Sunday, October 14, 2012

reflexive domination and plastic soup

Photo: Mandy Barker
Truth is timeful; history is its core and index. So taught the first generation of Frankfurt Institute thinkers - Benjamin, Adorno, Horkheimer, Marcuse. In keeping with this temporal truth notion, critical theorists today continuously rethink and revise their concepts in light of a dynamically unfolding social process. The master logic of that process may persist as a static essence of domination, but its specific appearance-forms emerge within a lived spectacle of kaleidoscopic flux. In a stimulating essay included in Critical Ecologies (Toronto UP, 2012), Christoph Görg discusses some recent efforts to rethink the dialectic of enlightenment.

Görg thinks the human relation to the biosphere is changing in some subtle ways, and he calls for a nuanced analysis of the domination of nature. As the ecological crises become increasingly undeniable, he argues, elites are responding in ways that cannot be characterized as simple denial or disavowal. In the post-Fordist phase of capitalist accumulation, the historical attempt to achieve utter or complete mastery of nature is finally understood to be impossible, according to Görg. Instead, technocrats and CEOs now try to master the unintended negative consequences of the failing forms of the attempted mastery of nature. But this ‘mastery of secondary effects’ or ‘reflexive domination of nature’ is a strategy of risk management that does not give up the goal of capital accumulation. The master logic remains the same, but the degrading biosphere is now addressed as an assessable risk or ‘security problem’ that must be coped in order to sustain the expectation of high returns on investment.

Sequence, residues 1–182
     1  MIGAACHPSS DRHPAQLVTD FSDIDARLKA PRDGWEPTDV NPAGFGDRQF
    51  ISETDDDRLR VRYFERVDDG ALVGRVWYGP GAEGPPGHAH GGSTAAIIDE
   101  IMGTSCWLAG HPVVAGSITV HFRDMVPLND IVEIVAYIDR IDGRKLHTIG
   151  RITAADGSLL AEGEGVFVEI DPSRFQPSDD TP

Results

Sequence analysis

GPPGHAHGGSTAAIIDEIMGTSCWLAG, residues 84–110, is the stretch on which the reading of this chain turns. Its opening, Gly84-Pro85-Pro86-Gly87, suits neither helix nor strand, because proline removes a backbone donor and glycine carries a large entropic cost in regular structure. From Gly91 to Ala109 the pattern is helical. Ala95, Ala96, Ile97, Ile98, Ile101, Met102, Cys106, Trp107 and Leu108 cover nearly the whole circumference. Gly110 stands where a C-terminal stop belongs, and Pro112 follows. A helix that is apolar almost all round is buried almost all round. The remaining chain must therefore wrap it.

Photo: Mandy Barker
This reflexive domination of nature increasingly takes the form of so-called ‘ecological modernization’ and ‘greening of capitalism’. Techno-fixes are sought for the new problems that emerge continuously from the violent interface with the biosphere, which still is not acknowledged as a non-identical end-in-itself. In critiquing these pseudo-solutions, then, we need to acknowledge that capitalist technocracy does not have a single, unified position or strategy with regard to biospheric meltdown. A vast range of responses are being put into play, which must be analyzed within the specifics of local contexts and social force-fields. The emerging tendency, a reading of Görg suggests, is risk management through the ad hoc remediation of negative consequences, as these come into view.